In a long game, there are only two times to defect: When you think your opponent will always defect or when you think your opponent will never defect.
If your opponent will defect every round, you need to take your score from three years to two and do the best you can.
If your opponent will always cooperate, then they are a doormat and you can walk all over them. (This is why very kind people sometimes get “screwed” in ways that seem unfair.)
It also means to correct strategy is to co-operate until people cross your boundaries.
Computers playing the game have found “tit for tat” to be a winning strategy – meaning that you co-operate the first round, and then do whatever your opponent did last round back to them.
Challenges of The Prisoner’s Dilemma
Of course, we are not computers. Sometimes our perception is not accurate.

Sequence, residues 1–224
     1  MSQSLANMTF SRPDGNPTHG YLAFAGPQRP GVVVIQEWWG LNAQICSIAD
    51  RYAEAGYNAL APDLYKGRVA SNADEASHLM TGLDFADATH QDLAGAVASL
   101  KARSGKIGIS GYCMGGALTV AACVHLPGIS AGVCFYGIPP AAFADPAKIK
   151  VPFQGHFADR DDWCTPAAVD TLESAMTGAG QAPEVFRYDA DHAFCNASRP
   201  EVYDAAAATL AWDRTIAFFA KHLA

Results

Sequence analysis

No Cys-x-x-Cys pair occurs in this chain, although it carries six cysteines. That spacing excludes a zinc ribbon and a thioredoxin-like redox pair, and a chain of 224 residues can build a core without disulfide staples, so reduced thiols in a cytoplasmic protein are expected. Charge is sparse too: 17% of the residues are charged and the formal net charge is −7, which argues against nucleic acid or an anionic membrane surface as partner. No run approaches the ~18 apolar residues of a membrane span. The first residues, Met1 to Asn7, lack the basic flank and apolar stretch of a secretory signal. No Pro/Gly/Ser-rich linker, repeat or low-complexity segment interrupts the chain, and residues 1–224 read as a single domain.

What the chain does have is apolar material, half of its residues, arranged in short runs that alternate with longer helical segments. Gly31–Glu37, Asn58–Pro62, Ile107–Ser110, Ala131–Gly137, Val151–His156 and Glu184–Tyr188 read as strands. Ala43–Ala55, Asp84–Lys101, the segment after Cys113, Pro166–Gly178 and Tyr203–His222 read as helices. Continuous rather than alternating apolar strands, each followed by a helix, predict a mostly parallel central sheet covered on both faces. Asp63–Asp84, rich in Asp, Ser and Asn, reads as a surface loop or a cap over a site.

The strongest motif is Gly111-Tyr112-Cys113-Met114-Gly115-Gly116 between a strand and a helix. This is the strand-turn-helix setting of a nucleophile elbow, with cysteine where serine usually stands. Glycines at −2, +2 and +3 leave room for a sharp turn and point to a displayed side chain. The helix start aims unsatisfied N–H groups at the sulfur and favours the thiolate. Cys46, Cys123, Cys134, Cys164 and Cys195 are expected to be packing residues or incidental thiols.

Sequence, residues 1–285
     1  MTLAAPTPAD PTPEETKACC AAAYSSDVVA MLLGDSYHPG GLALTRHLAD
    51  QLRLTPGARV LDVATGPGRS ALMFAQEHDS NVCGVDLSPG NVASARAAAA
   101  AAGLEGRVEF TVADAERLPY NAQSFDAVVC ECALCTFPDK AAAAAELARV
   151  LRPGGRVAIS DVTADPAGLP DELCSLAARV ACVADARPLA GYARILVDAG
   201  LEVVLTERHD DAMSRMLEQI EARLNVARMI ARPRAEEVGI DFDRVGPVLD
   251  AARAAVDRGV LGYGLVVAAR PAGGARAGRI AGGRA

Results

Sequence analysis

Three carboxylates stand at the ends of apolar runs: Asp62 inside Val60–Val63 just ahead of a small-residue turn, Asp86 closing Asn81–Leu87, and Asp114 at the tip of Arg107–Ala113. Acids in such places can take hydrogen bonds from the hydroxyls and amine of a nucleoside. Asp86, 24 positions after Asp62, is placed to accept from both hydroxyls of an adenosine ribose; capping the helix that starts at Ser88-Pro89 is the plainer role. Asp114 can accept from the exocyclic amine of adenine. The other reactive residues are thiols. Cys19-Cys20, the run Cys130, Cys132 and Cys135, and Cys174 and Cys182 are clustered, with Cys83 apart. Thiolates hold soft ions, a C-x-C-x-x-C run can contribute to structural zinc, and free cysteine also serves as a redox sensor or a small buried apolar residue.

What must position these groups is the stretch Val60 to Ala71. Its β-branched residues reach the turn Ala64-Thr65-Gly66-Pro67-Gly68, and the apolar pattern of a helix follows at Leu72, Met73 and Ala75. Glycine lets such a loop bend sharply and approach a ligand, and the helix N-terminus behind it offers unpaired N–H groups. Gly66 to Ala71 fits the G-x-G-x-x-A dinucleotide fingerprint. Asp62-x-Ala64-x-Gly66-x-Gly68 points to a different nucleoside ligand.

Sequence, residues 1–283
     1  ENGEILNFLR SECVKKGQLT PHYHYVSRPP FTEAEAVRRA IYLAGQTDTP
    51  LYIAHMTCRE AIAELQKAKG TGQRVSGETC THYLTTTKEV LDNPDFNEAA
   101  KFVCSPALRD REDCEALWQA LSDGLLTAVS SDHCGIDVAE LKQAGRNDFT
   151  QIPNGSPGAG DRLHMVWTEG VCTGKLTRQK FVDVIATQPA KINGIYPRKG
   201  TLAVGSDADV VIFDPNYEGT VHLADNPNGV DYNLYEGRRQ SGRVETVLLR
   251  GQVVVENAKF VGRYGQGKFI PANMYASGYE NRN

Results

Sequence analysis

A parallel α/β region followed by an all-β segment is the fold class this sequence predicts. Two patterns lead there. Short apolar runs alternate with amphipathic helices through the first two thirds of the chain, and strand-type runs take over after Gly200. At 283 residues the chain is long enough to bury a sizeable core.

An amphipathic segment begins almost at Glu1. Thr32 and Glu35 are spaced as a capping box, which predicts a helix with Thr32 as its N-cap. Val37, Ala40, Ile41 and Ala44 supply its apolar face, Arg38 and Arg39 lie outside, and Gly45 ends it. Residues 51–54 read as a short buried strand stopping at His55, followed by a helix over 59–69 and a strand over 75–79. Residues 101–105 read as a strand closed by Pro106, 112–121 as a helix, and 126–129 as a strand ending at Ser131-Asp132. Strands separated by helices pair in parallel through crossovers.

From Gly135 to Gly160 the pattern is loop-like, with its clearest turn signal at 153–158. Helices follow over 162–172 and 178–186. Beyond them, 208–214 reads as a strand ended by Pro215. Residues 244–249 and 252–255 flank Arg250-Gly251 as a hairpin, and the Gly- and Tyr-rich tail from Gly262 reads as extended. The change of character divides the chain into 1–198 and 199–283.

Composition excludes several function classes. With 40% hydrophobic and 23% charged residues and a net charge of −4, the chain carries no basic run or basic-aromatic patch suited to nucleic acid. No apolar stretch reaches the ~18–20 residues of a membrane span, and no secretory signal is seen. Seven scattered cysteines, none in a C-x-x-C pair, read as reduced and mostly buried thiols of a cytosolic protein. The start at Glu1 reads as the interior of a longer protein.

If you’ve been told your opponent is absolutely evil, you might think they’ll never co-operate, and start defecting when they have actually been very co-operative.
If you have trauma, you might perceive your opponent as defecting based on your trigger, when they aren’t.
If you’ve been conditioned by abusive relationships not to have boundaries, you might co-operate with people who are clearly taking advantage of you.
In the real world, The Prisoner’s Dilemma is not as simple. It is a game of trust, and trust is frequently broken, especially in relationship with opponents.
The biggest challenge of the Prisoner’s Dilemma is:
People do not realize that they are in relationship with their opponents.